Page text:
Business Planning 101
- Why do I need a business plan?
- Basic elements of a business plan
- Business plan resources
Why do I need a business plan?
A robust business plan will help you in several important ways as you undertake your business journey:
- As mentioned above, it will provide you with a roadmap to follow, helping you set business strategy and major objectives that reflect business priorities
- Your plan is a baseline for you to follow and hold yourself accountable. This is particularly important in the early stages where there may only be you in the business
- The plan should be a logical description of your business model and how you intend to earn revenue and grow. Your financial and customer acquisition goals can be measured against the plan to determine whether they need to change or not
- It will help you attract finance to the business whether from a bank, other lender or investors
- If you intend to hire staff, the business plan is a great document for helping them to understand the business and how it operates in the market
- You and any potential strategic partners can see how your business might fit with theirs
Planning is simply answering the following questions in advance:
- What outcomes do I want?
- What needs to be done?
- When does it need to be done?
- How it will be done?
- What resources will be used?
- Who will do it?
In other words, planning is an aid to making the important decisions that will decide how successful your business will be. The better you plan, the greater your chance of success.
Remember that: “Failure to plan is planning to fail”.
Basic elements of the business plan
The best business plans are tight and concise, with the focus on what the business is trying to achieve and how it will go about it.
The Executive Summary
It should begin with a brief vision statement and description of why the business exists, who it serves and how. Include a brief summary of the market opportunity and why your business / idea is different and likely to succeed.
More detail of why you have started the business, the business model – how will customers access you and how will you seek to reach them. Briefly touch on products and basic customer details – who is the ideal customer?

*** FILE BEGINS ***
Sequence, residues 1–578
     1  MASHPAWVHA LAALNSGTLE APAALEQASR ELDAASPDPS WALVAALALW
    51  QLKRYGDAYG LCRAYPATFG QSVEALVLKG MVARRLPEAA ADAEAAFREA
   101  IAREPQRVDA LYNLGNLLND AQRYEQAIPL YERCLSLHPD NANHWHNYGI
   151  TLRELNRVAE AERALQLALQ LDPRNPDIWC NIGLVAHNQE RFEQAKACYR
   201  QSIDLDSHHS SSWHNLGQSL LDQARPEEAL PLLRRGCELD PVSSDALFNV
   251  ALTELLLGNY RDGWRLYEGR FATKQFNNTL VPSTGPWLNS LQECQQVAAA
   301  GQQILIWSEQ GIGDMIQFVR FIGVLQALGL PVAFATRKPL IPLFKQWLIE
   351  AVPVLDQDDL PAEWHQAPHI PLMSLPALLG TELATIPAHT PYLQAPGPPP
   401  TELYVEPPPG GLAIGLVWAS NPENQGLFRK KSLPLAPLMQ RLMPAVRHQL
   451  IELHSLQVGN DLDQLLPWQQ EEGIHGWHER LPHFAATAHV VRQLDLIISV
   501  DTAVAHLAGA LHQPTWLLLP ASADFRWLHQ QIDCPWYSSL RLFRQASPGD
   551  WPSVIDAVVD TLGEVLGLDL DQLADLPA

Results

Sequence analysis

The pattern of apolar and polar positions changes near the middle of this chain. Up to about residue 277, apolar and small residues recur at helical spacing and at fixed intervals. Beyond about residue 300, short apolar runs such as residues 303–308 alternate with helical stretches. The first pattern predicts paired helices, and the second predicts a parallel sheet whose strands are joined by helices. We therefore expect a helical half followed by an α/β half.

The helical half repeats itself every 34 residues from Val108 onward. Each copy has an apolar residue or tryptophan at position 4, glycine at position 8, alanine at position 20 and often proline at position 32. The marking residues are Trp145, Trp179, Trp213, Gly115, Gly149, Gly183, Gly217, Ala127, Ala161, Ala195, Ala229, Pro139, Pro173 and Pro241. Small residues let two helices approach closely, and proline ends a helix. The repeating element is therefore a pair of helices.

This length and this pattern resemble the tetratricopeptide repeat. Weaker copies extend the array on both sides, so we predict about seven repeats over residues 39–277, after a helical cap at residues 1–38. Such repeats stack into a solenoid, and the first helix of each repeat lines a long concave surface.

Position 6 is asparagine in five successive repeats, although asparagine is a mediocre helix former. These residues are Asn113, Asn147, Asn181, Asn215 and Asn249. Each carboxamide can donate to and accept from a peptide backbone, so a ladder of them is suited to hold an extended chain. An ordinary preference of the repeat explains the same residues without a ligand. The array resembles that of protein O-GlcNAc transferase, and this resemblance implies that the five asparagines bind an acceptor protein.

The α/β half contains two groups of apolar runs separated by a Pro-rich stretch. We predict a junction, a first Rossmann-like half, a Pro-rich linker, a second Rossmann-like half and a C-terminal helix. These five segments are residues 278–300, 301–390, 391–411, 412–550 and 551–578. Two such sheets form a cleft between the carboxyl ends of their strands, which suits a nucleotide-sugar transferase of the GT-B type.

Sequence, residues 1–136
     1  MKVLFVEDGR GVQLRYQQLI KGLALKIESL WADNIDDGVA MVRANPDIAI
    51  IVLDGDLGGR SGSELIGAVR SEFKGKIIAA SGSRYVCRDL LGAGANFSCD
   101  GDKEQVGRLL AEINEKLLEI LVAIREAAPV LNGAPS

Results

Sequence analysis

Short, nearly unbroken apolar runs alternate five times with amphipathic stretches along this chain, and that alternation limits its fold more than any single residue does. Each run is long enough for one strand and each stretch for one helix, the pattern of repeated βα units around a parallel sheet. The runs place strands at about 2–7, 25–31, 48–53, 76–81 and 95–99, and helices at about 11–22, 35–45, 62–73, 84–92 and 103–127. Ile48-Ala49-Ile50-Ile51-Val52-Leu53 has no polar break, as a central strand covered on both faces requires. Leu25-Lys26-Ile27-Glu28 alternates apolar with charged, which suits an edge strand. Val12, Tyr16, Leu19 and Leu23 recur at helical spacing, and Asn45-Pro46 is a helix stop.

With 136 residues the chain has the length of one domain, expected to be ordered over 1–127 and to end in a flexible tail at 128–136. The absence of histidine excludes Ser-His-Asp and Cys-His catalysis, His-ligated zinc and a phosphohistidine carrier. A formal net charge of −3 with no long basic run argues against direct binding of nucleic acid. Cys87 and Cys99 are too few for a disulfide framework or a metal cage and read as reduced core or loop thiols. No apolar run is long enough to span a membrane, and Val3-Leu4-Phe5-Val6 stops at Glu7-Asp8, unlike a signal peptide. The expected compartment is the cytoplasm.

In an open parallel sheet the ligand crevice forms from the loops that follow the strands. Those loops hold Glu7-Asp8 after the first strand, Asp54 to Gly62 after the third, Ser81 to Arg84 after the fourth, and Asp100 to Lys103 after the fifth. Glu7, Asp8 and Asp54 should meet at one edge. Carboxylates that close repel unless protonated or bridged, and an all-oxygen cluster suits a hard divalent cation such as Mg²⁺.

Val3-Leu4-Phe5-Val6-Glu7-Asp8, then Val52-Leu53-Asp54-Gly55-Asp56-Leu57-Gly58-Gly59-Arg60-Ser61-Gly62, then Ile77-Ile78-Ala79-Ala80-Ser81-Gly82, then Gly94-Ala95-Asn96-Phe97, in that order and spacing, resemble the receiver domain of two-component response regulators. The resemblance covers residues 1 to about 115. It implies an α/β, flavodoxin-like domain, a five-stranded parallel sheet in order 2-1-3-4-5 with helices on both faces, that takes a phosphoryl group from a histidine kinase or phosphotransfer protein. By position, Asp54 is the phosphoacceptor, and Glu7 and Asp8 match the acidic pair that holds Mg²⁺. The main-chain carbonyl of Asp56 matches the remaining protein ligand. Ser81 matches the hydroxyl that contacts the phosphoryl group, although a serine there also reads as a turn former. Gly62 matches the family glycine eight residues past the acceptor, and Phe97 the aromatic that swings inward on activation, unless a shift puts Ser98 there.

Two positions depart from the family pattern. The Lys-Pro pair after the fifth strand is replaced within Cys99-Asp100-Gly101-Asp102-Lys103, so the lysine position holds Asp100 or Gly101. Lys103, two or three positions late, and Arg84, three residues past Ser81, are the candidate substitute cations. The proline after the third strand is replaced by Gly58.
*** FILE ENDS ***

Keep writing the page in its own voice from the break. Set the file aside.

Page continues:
Product / service overview
This section includes more specific details of your products or services, including pricing. Include any relevant images and use a table if necessary.
Include the following:
- Industry / market overview
- How big, how much growth per annum?
- Customer profiles
- Competitive advantage
Include descriptions of your nearest competitors and how you may be able to exploit any weaknesses that they may have.
Include an outline of the following:
- Channels – how people know about you and how you deliver / reach your market
- Online vs face to face, telephone, social media etc.
- Key relationships / Bloggers / influencers / intermediaries etc.
Do a SWOT (strengths, weaknesses, opportunities, threats) analysis and summarise:
- How you will leverage strengths
- How you will take advantage of opportunities
- How you will overcome weaknesses
- How you will minimize threats
Business structure compliance and ownership
Include details of owners, compliance certificates and registrations needed, including insurances.
Prepare at least 2 years financial projections to model your cashflow. This should include startup costs, ongoing expenses and revenue from all sources.